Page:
New Jersey high court rules on workers’ comp claims venues

On Behalf of | Jun 19, 2015 | Workplace Injuries

The New Jersey Supreme Court has decided that cases involving an injury or death can be heard as tort claims rather than workers’ compensation cases if there is a dispute over whether the worker is/was an independent contractor or employee. The state’s high court ruled unanimously that if “there is a genuine dispute regarding the worker’s employment status…the Superior Court has concurrent jurisdiction to resolve the dispute.”

The Workers’ Compensation Act was enacted over a century ago to give injured workers quick access to benefits. In exchange, they agree not to sue their employer in Superior Court. However, the Act, as the justice writing the decision noted, does not address independent contractors. Therefore, workers “cannot be presumed to have accepted the provisions of the compensation act” until it’s been determined that they are/were an employee rather than an independent contractor.

The case in which this ruling was handed down involved a woman hit by a car driven by her employer while the two were running errands. The 59-year-old woman was employed as a live-in maid for an elderly man by his daughter, and was being paid in cash. The daughter struck the woman while parking her car. She lost part of her leg and died a year later from her injuries.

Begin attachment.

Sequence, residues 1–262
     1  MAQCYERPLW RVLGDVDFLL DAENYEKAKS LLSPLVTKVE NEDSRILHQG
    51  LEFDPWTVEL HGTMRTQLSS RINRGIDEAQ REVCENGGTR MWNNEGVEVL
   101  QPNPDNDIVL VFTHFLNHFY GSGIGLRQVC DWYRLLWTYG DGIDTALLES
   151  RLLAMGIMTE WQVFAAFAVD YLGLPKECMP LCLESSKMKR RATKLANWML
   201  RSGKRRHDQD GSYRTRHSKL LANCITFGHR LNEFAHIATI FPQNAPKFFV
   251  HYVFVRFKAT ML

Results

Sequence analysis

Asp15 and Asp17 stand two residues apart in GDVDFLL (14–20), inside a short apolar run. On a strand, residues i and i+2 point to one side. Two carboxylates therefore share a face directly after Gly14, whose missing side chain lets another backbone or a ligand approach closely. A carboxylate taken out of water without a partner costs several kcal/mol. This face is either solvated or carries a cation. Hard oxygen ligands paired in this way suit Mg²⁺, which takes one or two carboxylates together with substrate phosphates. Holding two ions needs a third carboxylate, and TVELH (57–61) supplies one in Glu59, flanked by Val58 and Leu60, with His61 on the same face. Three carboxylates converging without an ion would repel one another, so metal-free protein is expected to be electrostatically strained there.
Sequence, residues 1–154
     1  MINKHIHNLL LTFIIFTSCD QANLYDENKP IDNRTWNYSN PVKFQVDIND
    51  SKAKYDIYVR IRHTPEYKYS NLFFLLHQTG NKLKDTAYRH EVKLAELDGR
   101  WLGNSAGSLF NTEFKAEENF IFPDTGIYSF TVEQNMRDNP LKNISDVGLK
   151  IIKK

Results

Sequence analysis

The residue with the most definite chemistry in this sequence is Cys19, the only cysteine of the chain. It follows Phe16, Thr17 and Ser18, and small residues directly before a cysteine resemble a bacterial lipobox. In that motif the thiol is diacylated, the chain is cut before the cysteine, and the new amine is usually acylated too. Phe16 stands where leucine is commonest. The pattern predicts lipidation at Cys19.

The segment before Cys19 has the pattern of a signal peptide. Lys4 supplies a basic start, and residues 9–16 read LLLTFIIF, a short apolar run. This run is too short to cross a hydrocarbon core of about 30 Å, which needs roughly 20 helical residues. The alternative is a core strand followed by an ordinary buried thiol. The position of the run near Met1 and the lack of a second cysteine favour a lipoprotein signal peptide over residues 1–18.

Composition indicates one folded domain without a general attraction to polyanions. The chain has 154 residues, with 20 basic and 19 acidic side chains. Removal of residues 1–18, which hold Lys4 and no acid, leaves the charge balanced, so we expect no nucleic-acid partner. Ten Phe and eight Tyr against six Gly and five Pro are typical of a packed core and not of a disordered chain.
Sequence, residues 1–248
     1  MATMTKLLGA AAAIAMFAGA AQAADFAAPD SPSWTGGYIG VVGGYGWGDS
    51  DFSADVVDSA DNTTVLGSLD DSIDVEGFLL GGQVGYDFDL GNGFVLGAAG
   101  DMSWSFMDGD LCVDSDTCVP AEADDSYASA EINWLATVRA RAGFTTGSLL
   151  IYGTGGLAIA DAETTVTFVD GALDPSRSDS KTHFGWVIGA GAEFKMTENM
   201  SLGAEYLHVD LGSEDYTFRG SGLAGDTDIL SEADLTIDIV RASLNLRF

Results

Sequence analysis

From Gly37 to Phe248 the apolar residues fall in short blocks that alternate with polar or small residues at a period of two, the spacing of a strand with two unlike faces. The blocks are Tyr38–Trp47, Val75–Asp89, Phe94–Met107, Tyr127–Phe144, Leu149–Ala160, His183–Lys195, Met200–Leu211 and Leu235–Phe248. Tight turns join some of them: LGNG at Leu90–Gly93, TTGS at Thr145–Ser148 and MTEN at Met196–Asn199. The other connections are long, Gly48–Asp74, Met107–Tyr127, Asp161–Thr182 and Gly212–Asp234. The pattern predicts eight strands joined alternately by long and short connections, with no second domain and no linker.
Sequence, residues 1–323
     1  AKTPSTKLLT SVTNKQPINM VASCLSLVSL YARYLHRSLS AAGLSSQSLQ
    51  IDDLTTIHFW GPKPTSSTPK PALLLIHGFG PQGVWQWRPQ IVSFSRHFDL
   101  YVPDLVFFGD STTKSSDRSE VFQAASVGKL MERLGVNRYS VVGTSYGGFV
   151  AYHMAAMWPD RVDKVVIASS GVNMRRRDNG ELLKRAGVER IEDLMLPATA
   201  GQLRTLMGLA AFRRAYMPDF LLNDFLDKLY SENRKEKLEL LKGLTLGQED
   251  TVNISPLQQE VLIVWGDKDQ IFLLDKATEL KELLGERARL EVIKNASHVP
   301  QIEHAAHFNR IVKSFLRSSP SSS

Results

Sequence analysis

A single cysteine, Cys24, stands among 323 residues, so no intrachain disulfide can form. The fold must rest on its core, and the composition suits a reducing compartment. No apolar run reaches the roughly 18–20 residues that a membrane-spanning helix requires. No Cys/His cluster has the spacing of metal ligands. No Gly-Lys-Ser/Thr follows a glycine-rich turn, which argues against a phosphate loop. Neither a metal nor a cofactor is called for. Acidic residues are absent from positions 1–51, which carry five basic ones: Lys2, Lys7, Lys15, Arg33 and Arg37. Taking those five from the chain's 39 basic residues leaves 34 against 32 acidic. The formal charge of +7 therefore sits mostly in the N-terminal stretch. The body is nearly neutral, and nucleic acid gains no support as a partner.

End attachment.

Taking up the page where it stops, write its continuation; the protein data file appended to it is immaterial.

According to the victim’s estate, the woman was an independent contractor. A jury agreed and awarded $525 million plus interest in damages in a wrongful death suit. An appeals court, however, ruled that the woman’s employment status must be determined by the Division of Workers’ Compensation. The homeowners’ insurance policy carried by the elderly man had coverage for workers’ compensation.

The estate’s attorney noted that employers prefer to have cases heard in workers’ compensation court because they usually award lower damages than if the case was heard in Superior Court. However, he argued that “the Workers’ Compensation Statute is not a statute of removal” and that ” employers don’t just get to allege it.”

The high court’s ruling upheld the damages award handed down by the jury who first heard the case. It also upheld and reinstated the jury’s wrongful death verdict.

Anyone injured on the job or whose loved one is killed while working is entitled to seek justice and the maximum amount of compensation available. If there is any question about the victim’s employment status, it’s always wise to seek legal guidance to help determine how to proceed.

Source: New Jersey Law Journal, “Justices Say Trial Courts Can Hear Workplace Injury Cases,” Michael Booth, June 11, 2015